Imposing Liability for Losses from Aggressive War: An Economic Analysis of the UN Compensation Commission

M. B. Fox
2002 European journal of international law  
Through an economic analysis of the work of the United Nations Compensation Commission (UNCC), this Comment seeks to understand better the process by which liability is imposed for losses caused by aggressive war. It concludes that a loss is appropriately compensable by an aggressor state if the war is a "but for" cause of the loss and ex ante the war increased the likelihood that the loss would occur. The loss need not be as foreseeable as in the law of negligence. The total amount of losses
more » ... propriately compensable under this standard may, however, exceed the maximum that is desirable or even practical to collect. Iraq involves such a shortfall. Collecting more would hinder its reintegration into the world community. Moreover, any increase in the UNCC tax rate on Iraq's oil revenues is likely to reduce, not enhance, total revenues because of the added disincentives to export. Because of this shortfall, the practice of denying Iraq formal access to UNCC proceedings involves no procedural unfairness. The UNCC is effectively only deciding who, among all claimants against Iraq, should receive money from a fixed, maximally extractable sum. UNCC decisions also violate no norm of substantive fairness. The money extracted by the UNCC and the economic effect of the more formal sanctions imposed on Iraq, while both burdens on the Iraqi people, do not raise comparable fairness issues. As a general matter, imposing the losses on the people of the aggressor state, even if onerous, is not more unfair than leaving them to be borne by the victims of the aggressive war. Moreover, payments to the UNCC are in essence a tax on Iraq's oil wealth, not on the fruits of the labour, skills and non-oil resources of the Iraqi people. Unlike the more formal sanctions, the UNCC payments simply deprive the Iraqi people of a portion of the good luck they had to have oil resources in the first place.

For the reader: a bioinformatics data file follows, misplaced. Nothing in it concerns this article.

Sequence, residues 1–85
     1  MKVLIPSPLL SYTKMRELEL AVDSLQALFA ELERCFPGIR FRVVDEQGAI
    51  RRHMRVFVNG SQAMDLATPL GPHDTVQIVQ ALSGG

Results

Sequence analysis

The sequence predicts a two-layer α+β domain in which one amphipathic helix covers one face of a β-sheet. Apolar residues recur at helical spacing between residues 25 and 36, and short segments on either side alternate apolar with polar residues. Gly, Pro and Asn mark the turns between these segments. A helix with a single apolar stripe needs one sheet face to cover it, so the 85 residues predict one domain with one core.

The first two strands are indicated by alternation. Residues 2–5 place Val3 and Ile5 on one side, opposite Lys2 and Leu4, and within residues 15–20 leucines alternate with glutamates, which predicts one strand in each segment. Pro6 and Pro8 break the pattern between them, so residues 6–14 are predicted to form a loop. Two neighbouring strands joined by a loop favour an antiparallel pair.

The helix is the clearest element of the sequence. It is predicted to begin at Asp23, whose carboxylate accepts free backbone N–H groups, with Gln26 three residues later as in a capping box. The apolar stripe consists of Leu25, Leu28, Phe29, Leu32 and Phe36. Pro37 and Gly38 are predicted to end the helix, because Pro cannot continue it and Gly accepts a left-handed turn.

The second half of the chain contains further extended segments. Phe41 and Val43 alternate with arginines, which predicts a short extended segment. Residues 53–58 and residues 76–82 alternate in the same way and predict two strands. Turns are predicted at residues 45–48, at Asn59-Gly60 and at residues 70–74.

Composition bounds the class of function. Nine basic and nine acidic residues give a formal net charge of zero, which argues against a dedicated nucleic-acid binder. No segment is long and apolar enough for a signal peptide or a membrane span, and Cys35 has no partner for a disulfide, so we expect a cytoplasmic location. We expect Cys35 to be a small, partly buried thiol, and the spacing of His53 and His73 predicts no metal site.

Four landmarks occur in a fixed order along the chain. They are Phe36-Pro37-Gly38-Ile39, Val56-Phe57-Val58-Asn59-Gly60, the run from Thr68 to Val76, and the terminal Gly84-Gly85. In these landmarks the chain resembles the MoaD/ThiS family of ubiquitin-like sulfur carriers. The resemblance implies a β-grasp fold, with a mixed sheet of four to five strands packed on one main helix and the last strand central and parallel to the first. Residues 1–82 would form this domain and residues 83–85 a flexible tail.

doi:10.1093/ejil/13.1.201 fatcat:5owfgvs47zg6poqqvccw77pdxi